Sonya Bata founded the Bata Shoe Museum in Toronto, Canada, creating a history of global footwear and shoemaking that might just blow your socks off 1! This unique collection explores style and production and takes a fascinating look at embedded cultures and customs from around the world.
Originally created to protect feet from harsh weather and terrain, shoes have evolved as an expression of social class, wealth and fashion for both women and men.
From hundreds of exhibits in the museum, I’ve selected a few period pieces from various global regions: like this platform 16th century shoe from Italy and Spain. Although vaguely resembling the big clunky style I wore as a 70’s teenager, which had a thick rubber sole and added an extra 2 inches to my height, this “Chopine” was a staple shoe in the wardrobe of an upper class woman. It certainly added height to its wearer and its metal drapings signified wealth. The intricate design handcrafted by artisans helped elevate a woman above the dirty street water and mud, but I can’t imagine the wood and metal platforms were particularly comfortable.
In present day Ghana, along the Ivory Coast of Africa, these golden “Asante” sandals were worn by the royal Ntchuafou clan during the 17th century. Gold is considered the highest adornment in their culture and the sandals were worn like crowns. The sandals were gifts sent from heaven and signified the clans’ dominion over the earth. According to legend, they appeared on their ancestors’ feet as they descended from the sky in a bronze vessel.
Certainly the “Asante” sandal was a good deal more comfortable looking than the wash-brush looking shoes from India, pictured here. Topped with gold adornments, these are actually super dressy “Padua” shoes worn by aristocratic women for important events like weddings. These high stilts are circa 18th century, and adorned with a gold toe knob and large floral engraving on top.
One of my favourite shoe designs from the Bata Shoe Museum is an intricately detailed 20th century Chinese evening shoe.. Studied up close, the color and design are simply gorgeous and the unusual front buckle is reminiscent of the French Baroque fashion period of the 17th century (think King Louis XIV). These evening shoes are unlike any previous Chinese designs, reflecting a more modern, Western influence. A fascinating footnote to these shoes is the pliable leather shape for accommodating the foot binding practice of many Chinese women.
The tradition of binding feet originated in the 10th century Imperial Court as a sign of wealth, and involved young girls soaking their feet before wrapping them up in tighter and tighter bindings to stunt their growth. Binding was equated with high social standing – small feet were considered more attractive even though women had trouble walking. This inability to walk, indicated an elevated social status and announced to all that, this woman was not a common labourer 2.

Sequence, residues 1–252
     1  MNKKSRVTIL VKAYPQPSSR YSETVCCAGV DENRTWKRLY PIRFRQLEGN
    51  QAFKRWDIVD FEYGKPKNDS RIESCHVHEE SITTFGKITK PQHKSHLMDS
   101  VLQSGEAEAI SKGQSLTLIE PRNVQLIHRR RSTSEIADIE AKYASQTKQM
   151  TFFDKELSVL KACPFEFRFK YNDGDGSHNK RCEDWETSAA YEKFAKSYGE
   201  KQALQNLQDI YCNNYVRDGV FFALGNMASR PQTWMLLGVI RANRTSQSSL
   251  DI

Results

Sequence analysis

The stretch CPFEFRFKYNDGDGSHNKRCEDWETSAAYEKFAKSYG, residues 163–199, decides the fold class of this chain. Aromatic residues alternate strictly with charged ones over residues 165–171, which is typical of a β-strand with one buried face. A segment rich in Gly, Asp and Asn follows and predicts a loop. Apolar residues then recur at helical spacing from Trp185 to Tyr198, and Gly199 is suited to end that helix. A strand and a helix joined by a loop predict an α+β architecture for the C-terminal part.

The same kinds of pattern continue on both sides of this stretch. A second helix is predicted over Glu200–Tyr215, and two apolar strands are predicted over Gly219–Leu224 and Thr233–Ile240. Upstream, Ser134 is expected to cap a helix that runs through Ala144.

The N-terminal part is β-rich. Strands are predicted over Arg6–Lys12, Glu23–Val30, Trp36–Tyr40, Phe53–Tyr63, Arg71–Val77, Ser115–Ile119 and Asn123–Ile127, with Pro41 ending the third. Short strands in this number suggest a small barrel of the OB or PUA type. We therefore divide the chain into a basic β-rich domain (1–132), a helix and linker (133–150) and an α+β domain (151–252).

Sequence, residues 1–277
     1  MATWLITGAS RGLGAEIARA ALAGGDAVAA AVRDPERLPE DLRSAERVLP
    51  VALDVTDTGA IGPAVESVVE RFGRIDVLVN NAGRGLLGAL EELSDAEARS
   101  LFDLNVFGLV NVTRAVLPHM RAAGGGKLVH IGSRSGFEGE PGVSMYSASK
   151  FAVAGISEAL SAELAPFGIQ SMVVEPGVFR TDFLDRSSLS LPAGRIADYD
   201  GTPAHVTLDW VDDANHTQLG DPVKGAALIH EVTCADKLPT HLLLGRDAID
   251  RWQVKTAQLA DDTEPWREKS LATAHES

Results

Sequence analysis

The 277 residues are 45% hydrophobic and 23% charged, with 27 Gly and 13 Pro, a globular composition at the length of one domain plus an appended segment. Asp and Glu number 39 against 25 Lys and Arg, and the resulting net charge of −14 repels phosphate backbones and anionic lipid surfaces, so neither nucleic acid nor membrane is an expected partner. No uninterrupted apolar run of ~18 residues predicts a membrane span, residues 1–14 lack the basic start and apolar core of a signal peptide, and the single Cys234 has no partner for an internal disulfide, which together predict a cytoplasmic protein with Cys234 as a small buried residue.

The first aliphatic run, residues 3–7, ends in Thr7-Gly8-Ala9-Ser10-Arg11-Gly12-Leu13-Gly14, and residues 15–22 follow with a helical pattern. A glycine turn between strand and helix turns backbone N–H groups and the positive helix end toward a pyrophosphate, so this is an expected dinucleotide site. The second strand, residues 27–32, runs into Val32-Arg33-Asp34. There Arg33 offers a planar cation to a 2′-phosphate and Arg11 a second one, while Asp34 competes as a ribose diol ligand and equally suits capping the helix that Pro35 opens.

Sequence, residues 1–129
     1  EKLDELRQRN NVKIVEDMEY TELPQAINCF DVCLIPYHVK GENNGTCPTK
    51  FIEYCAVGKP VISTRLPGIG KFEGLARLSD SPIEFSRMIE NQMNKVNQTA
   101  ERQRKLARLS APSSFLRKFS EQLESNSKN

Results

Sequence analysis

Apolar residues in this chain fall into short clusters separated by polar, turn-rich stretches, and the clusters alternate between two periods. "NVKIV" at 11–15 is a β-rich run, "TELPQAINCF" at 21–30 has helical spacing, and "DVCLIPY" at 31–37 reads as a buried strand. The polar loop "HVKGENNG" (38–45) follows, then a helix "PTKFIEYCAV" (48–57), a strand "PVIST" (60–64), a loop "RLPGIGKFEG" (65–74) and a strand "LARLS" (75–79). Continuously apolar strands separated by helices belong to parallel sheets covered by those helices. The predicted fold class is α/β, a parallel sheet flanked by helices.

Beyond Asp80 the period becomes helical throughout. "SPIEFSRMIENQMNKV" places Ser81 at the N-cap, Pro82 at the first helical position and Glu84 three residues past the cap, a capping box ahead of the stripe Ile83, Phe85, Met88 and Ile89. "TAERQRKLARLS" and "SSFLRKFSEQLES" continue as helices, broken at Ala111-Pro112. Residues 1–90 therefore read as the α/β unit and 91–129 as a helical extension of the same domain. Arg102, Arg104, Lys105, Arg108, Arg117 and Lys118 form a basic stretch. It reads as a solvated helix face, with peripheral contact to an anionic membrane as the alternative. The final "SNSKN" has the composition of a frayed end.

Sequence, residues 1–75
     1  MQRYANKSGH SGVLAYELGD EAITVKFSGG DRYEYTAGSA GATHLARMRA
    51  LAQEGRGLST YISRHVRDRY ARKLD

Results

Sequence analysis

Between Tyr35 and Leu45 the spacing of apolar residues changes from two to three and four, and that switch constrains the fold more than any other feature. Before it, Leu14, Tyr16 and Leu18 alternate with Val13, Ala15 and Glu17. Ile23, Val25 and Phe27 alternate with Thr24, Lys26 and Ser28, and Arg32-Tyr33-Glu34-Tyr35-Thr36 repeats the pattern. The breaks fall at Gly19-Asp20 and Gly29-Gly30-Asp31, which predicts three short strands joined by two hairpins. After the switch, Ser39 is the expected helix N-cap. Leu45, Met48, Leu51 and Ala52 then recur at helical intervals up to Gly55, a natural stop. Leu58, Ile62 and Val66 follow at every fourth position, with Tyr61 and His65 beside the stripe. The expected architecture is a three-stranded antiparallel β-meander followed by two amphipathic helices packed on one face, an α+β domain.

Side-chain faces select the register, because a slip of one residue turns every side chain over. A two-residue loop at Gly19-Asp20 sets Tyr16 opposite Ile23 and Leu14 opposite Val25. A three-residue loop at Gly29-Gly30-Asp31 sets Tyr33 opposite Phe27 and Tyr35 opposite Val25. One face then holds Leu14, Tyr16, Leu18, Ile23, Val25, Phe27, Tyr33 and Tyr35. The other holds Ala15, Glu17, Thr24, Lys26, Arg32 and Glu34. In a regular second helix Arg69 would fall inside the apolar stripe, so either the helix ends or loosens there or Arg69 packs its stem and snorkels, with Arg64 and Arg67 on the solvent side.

Thankfully this barbaric practice no longer exists and modern footwear choices for women in China are the same as anywhere else in the world. The end of the Chinese Civil War in 1950 and the Chinese Revolution of the 1960’s paved the way for new social and political values, giving women a more equal “footing” in society. Chinese women actually consume the largest share of purchases in the luxury shoe industry. This increased consumerism of the modern Chinese woman reflects an increase in modern freedoms across marital choice, economic wealth and access to healthcare.
Amongst the most innovative women’s footwear
displayed in the Bata museum are boots from Canada’s Arctic region. This area is the traditional homeland for the Inuit Nunangat, with the climate ranging from polar desert to tundra. The extreme weather in Canada’s Arctic drives design changes because women need to preserve heat and ensuring blood circulation. This is the foremost concern of highly skilled seamstresses, who tailor their boots to fit occupation and social gender.
Traditional inuit boots like these sealskin kamiks (actually made to be exhibited in the museum) are highly decorative and showcase complex designs of multiple fur inlays carefully banded together. However, most women wear plain unadorned boots made from animal skins like caribou, with polar bear fur trim. An added inner stocking maximizes warmth and wearer mobility.
Whether walking through life, the pages of history, or just your bedroom closet, I highly recommend stepping into places that celebrate diverse cultures, varied life styles and innovative ideas. Sonya Bata has done just that by fitting the world in a shoe.
How does the world fit in your shoes? Please share any shoes or boots that show off your cultural heritage or say something about the way you live.
- The Bata Shoe Museum
- https://www.buzzfeed.com/hayleycampbell/lotus-feet?utm_term=.ih82M6E0V1#.xM34 pA